New Zealand Army
The New Zealand Army (Maori: Ngāti Tumatauenga, "Tribe of the God of war"), is the land component of the New Zealand Defence Force and comprises around 4,500 Regular Force personnel, 2,000 Territorial Force personnel and 500 civilians. Formerly the New Zealand Military Forces, the current name was adopted around 1946. The New Zealand Army traces its history from settler militia raised in 1845.
New Zealand soldiers served with distinction in the major conflicts in the 20th Century, including South Africa 1899–1902, World War I, World War II, the Korean War, the Malayan Emergency, Borneo Confrontation and the Vietnam War. Since the 1970s, deployments have tended to be assistance to multilateral peacekeeping efforts. Considering the small size of the force, operational commitments have remained high since the start of the East Timor deployment in 1999. New Zealand personnel served in the First Gulf War, Iraq and are currently serving in East Timor, Afghanistan and several UN and other peacekeeping missions.
The New Zealand Army currently participates in three major overseas deployments:
- Afghanistan - 140 personnel are attached to the New Zealand Provincial Reconstruction Team in Bamyan Province.
- Timor-Leste - An infantry company from 2/1st Battalion, Royal New Zealand Infantry Regiment is deployed in East Timor under Australian command, as part of the ANZAC Battle Group.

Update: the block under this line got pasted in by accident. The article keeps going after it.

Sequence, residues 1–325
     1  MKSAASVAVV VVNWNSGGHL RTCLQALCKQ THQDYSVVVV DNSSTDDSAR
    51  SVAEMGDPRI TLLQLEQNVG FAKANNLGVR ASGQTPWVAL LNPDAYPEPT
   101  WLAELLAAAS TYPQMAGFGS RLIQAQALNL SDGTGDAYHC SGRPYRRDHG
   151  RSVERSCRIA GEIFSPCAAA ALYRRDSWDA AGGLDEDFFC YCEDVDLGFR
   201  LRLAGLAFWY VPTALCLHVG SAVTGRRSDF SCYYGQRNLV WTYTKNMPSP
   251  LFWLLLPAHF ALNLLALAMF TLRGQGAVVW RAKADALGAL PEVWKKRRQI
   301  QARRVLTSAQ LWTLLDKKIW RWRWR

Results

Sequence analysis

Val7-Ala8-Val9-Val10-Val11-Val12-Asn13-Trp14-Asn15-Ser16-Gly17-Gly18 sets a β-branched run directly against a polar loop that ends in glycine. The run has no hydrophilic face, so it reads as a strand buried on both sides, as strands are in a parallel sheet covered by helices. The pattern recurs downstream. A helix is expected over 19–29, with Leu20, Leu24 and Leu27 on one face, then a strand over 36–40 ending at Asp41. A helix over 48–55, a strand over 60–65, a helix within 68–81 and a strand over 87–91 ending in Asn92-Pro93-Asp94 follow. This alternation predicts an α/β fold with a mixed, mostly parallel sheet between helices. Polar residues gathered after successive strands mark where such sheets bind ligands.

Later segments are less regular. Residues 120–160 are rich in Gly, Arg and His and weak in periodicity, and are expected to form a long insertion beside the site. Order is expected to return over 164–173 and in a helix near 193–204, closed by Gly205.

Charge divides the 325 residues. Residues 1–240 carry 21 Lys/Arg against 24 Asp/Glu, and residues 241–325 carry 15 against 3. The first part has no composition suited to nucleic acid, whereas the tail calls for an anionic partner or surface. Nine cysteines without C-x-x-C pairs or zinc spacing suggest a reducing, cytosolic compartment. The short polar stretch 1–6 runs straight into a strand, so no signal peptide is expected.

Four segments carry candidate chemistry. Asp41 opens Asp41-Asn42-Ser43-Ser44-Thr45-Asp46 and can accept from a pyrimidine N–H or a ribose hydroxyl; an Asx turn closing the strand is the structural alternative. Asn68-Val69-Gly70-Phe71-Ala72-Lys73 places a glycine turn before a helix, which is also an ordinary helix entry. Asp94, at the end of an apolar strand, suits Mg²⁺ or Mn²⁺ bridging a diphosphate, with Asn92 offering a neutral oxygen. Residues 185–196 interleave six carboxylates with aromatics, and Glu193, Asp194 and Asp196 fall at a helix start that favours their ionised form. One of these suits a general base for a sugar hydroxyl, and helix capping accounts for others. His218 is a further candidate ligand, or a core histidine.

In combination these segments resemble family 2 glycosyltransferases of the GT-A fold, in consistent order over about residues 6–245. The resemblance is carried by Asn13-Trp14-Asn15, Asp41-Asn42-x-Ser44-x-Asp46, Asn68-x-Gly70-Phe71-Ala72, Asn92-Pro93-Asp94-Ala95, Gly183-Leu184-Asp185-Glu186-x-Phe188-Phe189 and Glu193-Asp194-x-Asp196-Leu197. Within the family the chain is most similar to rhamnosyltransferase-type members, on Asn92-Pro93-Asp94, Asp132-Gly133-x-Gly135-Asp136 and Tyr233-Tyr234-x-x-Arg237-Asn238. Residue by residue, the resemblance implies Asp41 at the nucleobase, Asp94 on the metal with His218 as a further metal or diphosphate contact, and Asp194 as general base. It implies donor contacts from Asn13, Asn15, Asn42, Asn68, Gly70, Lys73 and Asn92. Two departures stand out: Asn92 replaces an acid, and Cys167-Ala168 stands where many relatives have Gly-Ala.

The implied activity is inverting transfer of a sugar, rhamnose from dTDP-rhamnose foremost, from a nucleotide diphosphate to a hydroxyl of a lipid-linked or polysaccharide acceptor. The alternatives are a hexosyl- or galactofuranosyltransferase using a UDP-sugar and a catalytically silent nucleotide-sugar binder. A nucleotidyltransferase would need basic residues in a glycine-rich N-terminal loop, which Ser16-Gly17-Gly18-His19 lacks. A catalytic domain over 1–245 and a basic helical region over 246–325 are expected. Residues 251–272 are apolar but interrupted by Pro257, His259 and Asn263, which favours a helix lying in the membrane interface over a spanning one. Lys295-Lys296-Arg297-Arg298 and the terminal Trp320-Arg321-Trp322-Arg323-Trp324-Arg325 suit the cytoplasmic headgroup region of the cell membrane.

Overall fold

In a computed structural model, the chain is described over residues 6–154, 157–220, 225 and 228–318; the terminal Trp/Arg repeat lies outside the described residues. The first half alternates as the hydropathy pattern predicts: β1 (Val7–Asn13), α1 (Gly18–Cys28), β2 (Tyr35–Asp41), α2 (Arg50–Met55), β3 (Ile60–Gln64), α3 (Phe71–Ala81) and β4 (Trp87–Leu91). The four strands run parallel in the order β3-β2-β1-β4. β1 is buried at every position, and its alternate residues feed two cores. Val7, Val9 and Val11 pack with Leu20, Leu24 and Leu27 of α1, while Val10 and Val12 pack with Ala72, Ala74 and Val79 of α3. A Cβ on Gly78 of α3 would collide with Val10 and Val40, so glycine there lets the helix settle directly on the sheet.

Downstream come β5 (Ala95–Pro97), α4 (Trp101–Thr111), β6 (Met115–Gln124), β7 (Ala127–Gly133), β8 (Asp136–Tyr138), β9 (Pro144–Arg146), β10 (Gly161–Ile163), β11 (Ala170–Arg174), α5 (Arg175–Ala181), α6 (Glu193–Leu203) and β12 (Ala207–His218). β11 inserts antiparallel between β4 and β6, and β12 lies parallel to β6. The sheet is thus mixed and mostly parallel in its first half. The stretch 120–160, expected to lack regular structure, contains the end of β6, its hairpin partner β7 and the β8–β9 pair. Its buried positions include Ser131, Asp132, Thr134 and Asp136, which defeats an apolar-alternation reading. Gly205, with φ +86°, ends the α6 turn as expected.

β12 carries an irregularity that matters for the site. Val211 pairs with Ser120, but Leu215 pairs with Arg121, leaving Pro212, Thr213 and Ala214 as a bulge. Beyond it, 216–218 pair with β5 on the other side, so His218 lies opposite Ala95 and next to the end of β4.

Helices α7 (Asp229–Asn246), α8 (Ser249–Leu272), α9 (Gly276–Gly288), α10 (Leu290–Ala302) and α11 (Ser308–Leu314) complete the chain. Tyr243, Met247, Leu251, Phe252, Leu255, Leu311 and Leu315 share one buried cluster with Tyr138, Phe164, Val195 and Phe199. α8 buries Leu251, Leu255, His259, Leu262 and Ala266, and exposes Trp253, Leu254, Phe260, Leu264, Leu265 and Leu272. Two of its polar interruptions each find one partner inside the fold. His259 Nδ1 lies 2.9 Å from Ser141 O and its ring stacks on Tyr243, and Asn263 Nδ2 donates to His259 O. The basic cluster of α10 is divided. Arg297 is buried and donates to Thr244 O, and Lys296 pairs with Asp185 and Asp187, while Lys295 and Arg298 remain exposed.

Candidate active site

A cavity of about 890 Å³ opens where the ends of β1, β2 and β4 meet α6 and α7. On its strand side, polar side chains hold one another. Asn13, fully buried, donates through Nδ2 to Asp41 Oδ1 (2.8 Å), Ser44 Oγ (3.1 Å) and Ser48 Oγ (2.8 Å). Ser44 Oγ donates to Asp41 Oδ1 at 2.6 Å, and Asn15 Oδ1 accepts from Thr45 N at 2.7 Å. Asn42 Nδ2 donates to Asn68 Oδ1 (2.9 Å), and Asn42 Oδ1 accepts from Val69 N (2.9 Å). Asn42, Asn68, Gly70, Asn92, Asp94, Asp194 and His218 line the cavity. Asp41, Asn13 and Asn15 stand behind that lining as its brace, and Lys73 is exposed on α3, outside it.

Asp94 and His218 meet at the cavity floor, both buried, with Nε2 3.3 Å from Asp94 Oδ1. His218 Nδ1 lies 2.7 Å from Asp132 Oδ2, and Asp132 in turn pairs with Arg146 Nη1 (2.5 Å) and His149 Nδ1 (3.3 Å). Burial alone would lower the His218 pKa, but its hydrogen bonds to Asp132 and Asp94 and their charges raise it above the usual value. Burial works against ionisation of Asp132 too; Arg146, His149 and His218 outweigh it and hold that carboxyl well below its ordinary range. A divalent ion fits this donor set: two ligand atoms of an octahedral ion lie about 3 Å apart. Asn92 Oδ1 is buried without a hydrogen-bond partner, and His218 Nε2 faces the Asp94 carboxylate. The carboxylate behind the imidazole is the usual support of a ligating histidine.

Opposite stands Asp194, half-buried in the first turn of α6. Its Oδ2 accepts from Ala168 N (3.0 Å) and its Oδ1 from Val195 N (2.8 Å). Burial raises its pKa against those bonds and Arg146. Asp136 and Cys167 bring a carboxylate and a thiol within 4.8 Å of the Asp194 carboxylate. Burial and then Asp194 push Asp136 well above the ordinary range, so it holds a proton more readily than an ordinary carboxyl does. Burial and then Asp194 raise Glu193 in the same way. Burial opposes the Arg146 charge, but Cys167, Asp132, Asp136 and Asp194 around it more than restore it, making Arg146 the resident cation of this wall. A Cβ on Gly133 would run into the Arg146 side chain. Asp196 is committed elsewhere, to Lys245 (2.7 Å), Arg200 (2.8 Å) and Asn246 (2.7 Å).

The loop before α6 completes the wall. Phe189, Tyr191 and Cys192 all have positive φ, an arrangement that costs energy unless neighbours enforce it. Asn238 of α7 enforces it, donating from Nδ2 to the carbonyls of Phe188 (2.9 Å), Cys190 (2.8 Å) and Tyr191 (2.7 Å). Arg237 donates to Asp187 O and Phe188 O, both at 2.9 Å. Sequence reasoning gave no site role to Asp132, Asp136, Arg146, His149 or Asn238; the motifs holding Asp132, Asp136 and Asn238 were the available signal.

- Solomon Islands - An infantry company from 2/1st Battalion, Royal New Zealand Infantry Regiment is deployed alongside two Australian infantry companies as part of the Regional Assistance Mission to the Solomon Islands
- In addition, small numbers of NZ personnel are deployed on various United Nations peacekeeping missions around the world, and with the Multinational Force and Observers.
- On 4 September 2010, in the aftermath of the 2010 Canterbury Earthquake, the New Zealand Defence Force deployed to the worst affected areas of Christchurch to aid in relief efforts and assist NZ Police in enforcing a night time curfew at the request of Christchurch Mayor Bob Parker and the Prime Minister John Key.